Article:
Gamers create a wish list of table top games for many different reasons. As I've mentioned before I'm drawn to games by their artwork alone. Obviously once I'm drawn in I do my homework in terms of taste and playability. Then the only thing left to do is to click the purchase button (if it’s actually in stock!) and wait for that well packaged cardboard box to arrive. I carefully open my parcel to reveal my latest addition to the family and check that the game has been safely delivered with all its fingers and toes. Yet I’m only fully emotionally committed once I break the cellophane that seals the board game. The final hurdle is meeting my nemesis... he Rule Book!

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"For someone with Dyslexia, you've chosen an interesting hobby"

Recently a fellow board gamer commented, "for someone with Dyslexia you've chosen an interesting hobby." By that he meant gaming can be pretty complex and challenging. This certainly made me think about what attracted me to table top gaming.

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Theme & Competitive Strategy together will bring balance to the force

As a family we love watching Star Wars. As soon as I noticed the game Risk: Star Wars Edition, I had to purchase it. It’s for 2-4 players although I believe it's best played with just 2 players. The game is based on The Return of the Jedi with 3 different and concurrent battles: the fight between Luke Skywalker and Darth Vader, the battle of star ships trying to destroy the Death Star and the fight on Endor with the rebels trying to bring down the shield generator.

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"It's not you, it's me".....The value of playing again

Yesterday I had the opportunity to take some time off work and play a couple of games with friends. There is something delightful about spending a day playing instead of the normal gaming night where you only really get a couple of hours to get through a game. You don't feel rushed and you can take your time learning your latest addition. On this occasion I got to play Viticulture for the first time and Blood Rage for the second time. Whilst playing both these games I was able to observe my thoughts, emotions and behaviour, which sounds a little like a CBT (Cognitive Behavioural Therapy) activity.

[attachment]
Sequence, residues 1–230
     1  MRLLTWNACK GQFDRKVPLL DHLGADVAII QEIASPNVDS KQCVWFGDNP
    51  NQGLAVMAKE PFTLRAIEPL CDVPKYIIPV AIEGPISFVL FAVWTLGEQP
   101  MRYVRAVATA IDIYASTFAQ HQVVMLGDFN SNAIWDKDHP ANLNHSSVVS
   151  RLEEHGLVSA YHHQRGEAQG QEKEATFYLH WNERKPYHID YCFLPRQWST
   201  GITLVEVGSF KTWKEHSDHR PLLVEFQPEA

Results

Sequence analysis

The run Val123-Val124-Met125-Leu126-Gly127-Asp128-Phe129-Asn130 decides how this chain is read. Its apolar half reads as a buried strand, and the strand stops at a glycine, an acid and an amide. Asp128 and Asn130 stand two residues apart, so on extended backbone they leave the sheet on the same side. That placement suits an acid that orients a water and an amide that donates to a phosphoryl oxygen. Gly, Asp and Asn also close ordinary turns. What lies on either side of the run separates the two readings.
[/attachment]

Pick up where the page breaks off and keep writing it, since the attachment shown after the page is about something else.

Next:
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How do you interpret when ambiguity strikes?

Family favourite: Arcadia Quest

Arcadia Quest

The kids and I have started a new gaming tradition in the school summer holidays: we set aside 2 weeks to play Arcadia Quest that normally takes us about 20 hours to complete. Arcadia Quest, for 2-4 players, is a campaign game with 11 scenarios in which you have to complete six. I was originally drawn to the game by its awesome miniatures which I've tried to paint, starting with the Goblin Archers. The city of Arcadia is currently controlled by the vampire Lord Fang and his evil minions and monsters. Players take over guilds of 3 heroes, each of whom have unique abilities. These heroes' powers become stronger over the game so that you can finally destroy Lord Fang. However don't become complacent as the other guilds want to have prestige and they don't mind killing you to achieve this!

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Playing cooperative games can feel like being the fat kid on sports day

I haven't played a great deal of cooperative games and I'm happy to admit I thoroughly enjoyed T.I.M.E Stories, Xenoshyft: Onslaught and Ghost Stories. However, in general I have mixed feelings about games that involve working collaboratively. Each person comes to the game with their own expectations and strategic approach. Where do I fit in this team pursuing victory? It takes a mature group to allow each person to use their unique strengths and also to allow individuals to make mistakes. As much as I've enjoyed co-ops, the hours spent around the table aren't always relaxing and can have their uncomfortable moments.